124th U.S. Open

Pinehurst No. 2

Genesis Scottish Open

Tommy Fleetwood eyes first PGA Tour title once more, but with a Scottish twist

July 15, 2023

Andrew Redington

GULLANE, Scotland — The phrase, “Tommy Fleetwood shoots 63” isn’t new, of course. The 32-year-old Englishman has some high-profile history with the number that was, from 1973 until 2017, the lowest in any of the four major championships.

Fleetwood closed the 2018 U.S. Open at Shinnecock Hills with a seven-under par version of 63 that saw him pull up one-shot short of what would have been a playoff against Brooks Koepka. Then, just last month, Fleetwood did it again at the U.S. Open, his closing 63 at the Los Angeles Country Club hauling him slightly less momentously into a tie for fifth place, five shots adrift of the eventual champion, Wyndham Clark.

Still, going so low when it matters most is not exactly a bad habit to have, whether in majors or regular tour events. And Fleetwood showed he is far from losing his touch by shooting another 63 in the third round of the Genesis Scottish Open at the Renaissance Club. With 18 holes to play, the man who is surely the best player in the game yet to win a PGA Tour title, is on 11-under 199, two shots off the pace set by Rory McIlroy.

Eight birdies dotted Fleetwood’s card, his only blemish the shot he dropped on the par-3 17th (his eighth hole of a round brought forward by the threat of severe weather).

“Me and Xander [Schauffele, who played his first nine holes in five under] got off to a fast start so we both had each other's momentum going,” Fleetwood said. “The 18th was actually a massive hole for me. I didn't really miss a shot on 17 and made bogey, then 18 is a really tough hole to follow that up with, But I made a three there and that kept the round going.”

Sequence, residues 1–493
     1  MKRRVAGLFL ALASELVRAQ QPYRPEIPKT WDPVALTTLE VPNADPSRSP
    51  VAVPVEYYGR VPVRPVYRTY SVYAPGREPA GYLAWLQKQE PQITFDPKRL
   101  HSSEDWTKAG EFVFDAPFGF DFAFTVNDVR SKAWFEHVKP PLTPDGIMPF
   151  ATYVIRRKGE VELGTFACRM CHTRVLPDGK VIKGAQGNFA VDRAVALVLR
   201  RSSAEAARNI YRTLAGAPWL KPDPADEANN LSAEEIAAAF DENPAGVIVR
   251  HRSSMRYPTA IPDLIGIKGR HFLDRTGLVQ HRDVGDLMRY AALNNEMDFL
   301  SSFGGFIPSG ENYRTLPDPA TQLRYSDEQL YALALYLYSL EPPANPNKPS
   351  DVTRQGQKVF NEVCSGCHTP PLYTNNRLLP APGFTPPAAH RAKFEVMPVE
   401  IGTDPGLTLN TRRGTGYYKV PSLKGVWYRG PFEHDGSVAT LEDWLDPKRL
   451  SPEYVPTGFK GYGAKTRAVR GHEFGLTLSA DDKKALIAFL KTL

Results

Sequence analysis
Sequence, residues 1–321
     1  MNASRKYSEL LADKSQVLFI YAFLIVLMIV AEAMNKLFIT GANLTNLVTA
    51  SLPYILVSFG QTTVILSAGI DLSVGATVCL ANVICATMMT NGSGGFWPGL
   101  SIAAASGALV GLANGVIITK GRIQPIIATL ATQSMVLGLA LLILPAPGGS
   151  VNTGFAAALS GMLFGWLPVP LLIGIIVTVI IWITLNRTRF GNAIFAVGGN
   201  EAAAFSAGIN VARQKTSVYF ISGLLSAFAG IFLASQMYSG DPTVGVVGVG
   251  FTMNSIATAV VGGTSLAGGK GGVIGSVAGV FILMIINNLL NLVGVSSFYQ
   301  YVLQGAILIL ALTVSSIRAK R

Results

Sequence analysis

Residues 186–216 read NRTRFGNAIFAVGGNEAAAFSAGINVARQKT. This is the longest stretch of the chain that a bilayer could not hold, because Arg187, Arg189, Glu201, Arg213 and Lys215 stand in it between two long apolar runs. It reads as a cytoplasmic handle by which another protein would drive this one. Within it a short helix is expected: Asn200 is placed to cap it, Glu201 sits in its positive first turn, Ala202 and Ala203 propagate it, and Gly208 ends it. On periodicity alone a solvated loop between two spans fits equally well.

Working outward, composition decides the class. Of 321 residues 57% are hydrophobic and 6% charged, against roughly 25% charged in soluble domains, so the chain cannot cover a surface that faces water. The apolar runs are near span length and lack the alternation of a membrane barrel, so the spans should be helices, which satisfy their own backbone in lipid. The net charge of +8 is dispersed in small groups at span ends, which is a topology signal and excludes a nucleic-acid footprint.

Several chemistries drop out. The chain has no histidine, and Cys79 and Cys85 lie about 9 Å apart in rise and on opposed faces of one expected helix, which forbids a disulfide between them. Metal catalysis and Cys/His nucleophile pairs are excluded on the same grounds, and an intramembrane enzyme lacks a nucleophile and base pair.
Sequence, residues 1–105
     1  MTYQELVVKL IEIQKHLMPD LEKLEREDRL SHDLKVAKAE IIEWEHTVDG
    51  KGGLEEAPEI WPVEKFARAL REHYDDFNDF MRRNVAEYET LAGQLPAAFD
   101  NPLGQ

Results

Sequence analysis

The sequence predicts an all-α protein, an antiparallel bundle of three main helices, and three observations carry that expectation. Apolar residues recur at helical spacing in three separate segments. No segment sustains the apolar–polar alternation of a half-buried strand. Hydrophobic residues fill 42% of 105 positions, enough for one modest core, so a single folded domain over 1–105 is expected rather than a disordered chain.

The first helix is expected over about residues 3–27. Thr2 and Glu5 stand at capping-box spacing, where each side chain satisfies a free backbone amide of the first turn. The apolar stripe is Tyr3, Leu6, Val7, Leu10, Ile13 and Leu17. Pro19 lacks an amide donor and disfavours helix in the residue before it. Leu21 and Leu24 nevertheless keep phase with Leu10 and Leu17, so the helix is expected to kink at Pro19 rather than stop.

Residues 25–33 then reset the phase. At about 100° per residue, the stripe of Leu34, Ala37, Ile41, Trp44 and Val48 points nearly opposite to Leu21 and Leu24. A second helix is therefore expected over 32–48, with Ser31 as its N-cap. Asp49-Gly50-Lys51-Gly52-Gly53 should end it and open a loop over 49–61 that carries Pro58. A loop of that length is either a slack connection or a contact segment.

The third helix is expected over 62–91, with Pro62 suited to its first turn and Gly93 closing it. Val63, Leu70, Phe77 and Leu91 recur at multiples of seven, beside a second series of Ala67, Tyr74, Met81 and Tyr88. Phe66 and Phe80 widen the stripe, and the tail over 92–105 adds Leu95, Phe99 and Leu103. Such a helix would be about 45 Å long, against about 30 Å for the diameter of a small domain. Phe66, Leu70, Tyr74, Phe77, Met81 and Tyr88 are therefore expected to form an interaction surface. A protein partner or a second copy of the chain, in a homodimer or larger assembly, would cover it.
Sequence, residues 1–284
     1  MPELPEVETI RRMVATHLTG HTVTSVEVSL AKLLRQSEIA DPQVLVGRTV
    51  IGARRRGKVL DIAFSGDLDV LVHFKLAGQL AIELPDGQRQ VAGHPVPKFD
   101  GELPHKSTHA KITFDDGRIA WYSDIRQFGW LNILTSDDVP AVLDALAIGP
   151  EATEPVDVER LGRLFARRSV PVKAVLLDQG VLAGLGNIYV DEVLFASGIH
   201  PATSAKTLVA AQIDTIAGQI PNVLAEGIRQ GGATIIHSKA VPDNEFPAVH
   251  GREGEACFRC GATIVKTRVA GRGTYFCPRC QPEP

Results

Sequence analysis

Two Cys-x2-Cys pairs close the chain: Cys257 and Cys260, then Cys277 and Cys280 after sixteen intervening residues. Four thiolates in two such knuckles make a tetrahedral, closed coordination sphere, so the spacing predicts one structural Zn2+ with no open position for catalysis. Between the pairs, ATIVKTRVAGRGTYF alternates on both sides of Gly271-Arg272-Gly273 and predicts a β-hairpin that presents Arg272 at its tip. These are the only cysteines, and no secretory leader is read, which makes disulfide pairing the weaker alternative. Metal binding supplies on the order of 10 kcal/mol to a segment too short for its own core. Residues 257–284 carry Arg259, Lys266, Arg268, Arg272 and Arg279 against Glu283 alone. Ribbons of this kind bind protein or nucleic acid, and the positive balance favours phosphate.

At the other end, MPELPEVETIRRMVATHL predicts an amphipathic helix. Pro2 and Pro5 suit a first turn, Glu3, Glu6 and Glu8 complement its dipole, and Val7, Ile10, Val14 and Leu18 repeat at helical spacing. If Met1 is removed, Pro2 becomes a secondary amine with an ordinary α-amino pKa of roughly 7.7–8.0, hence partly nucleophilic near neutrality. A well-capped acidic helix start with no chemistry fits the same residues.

Indeed, Fleetwood has been battling for most of this week to overcome a sluggish opening-round 70. It was a day when everything was a struggle, note least his work on the greens.

“I actually played similar to what I did yesterday and a lot of Thursday, which was just a bad day on the greens, didn't score at all,” Fleetwood said. “Yesterday, I had to battle a bit when I made a double on eight. I was level par for the tournament with 10 holes to play, at which point the first port of call is to make the weekend. But I played really well from there on in. Then today I got a bit of momentum going by making good putts on 11 and 14. It was one of those days where things go more your way than others. Overall, I’ve played pretty much the same for the three days.”

Like just about everyone else, Fleetwood owned up to mixed feelings about the dire weather forecast for the final round, with gales expected to blow through East Lothian. Still, the prospect of battling the likes of McIlroy and close friend Shane Lowry was enough to lighten the mood.

“It would be nice,” Fleetwood said. “It’s great that we’re all playing well. I would like to think that we all push each other on to try and be better. For European golf as a whole, it’s great when so many of the guys are doing well.”

All of which is undoubtedly true. But for Fleetwood victory here would be extra special, need nine that it surely won’t take yet another 63 to get the job done. As this event is co-sanctioned by the PGA Tour that “best player etc.” tag would finally belong to another.